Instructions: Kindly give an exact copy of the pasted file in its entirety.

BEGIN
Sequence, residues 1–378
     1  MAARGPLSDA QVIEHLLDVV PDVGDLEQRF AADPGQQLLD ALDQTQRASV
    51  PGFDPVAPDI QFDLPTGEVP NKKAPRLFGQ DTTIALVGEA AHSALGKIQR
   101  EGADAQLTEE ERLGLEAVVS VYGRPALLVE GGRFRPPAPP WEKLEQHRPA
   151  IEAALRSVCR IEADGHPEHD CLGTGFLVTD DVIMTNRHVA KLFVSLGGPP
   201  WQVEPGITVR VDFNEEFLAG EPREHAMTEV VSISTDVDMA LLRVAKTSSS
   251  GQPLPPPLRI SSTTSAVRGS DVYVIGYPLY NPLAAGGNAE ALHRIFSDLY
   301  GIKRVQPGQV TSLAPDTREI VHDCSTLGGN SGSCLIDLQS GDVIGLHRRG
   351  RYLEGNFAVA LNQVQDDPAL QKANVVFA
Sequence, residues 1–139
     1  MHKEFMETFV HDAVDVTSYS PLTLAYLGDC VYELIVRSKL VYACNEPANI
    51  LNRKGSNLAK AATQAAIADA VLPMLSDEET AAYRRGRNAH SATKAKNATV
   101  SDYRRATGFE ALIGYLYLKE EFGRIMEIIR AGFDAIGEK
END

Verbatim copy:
Sequence, residues 1–378
     1  MAARGPLSDA QVIEHLLDVV PDVGDLEQRF AADPGQQLLD ALDQTQRASV
    51  PGFDPVAPDI QFDLPTGEVP NKKAPRLFGQ DTTIALVGEA AHSALGKIQR
   101  EGADAQLTEE ERLGLEAVVS VYGRPALLVE GGRFRPPAPP WEKLEQHRPA
   151  IEAALRSVCR IEADGHPEHD CLGTGFLVTD DVIMTNRHVA KLFVSLGGPP
   201  WQVEPGITVR VDFNEEFLAG EPREHAMTEV VSISTDVDMA LLRVAKTSSS
   251  GQPLPPPLRI SSTTSAVRGS DVYVIGYPLY NPLAAGGNAE ALHRIFSDLY
   301  GIKRVQPGQV TSLAPDTREI VHDCSTLGGN SGSCLIDLQS GDVIGLHRRG
   351  RYLEGNFAVA LNQVQDDPAL QKANVVFA
Sequence, residues 1–139
     1  MHKEFMETFV HDAVDVTSYS PLTLAYLGDC VYELIVRSKL VYACNEPANI
    51  LNRKGSNLAK AATQAAIADA VLPMLSDEET AAYRRGRNAH SATKAKNATV
   101  SDYRRATGFE ALIGYLYLKE EFGRIMEIIR AGFDAIGEK